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What Are International Units?

It is typical to refer to vitamins and minerals in milligrams, usually represented as mg.

Occasionally you will see micrograms or mcg for trace elements as these are found in such small amounts. These are sometimes also shown as μg, in fact, this is the correct term, however it is tricky on a keyboard, and mcg is widely used.

What can cause some confusion is “International Units”.

This phrase is used widely in the pharmaceutical world, but also sometimes in the field of natural health, this is shown as IU.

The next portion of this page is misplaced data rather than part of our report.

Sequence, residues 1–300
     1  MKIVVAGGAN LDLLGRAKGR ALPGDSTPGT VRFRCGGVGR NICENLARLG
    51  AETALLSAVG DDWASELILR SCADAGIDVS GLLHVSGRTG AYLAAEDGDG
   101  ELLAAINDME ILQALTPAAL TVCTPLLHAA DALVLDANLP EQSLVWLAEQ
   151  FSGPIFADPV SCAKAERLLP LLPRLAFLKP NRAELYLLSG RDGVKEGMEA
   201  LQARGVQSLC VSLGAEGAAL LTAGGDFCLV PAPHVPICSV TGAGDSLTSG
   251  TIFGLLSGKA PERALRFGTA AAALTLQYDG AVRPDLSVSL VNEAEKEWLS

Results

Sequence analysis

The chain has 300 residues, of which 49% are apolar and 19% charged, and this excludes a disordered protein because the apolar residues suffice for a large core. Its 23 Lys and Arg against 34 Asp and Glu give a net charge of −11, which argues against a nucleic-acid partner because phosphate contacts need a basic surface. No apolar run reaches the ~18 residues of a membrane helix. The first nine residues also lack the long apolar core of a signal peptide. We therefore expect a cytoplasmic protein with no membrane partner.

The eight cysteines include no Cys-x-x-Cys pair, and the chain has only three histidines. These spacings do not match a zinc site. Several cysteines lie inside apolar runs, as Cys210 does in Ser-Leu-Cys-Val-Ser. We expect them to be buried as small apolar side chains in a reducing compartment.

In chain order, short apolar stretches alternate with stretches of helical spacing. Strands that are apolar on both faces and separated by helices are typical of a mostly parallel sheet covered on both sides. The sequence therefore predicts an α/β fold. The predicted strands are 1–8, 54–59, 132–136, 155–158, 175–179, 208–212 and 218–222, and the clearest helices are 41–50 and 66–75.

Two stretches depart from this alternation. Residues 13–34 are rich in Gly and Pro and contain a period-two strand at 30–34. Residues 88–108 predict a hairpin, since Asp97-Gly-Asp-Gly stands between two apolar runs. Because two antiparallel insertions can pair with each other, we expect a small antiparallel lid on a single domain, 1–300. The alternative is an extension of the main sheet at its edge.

It is used for a small number of vitamins, notably vitamin A when this is found in the retinol or beta carotene form, and also vitamin D.

The nutrients typically (and correctly) referred to in this way are enzymes, and this includes the proteolytic enzyme we supply Serrapeptase.  In this example, this is supplied as an 80,000 IU.  It would not be correct to show this example in milligrams.

IUs cannot be directly converted to mgs as this conversion is dependant on the potency of the particular substance in question.  For example 100IU of vitamin D could not be compared with 100IU of Serrapeptase.

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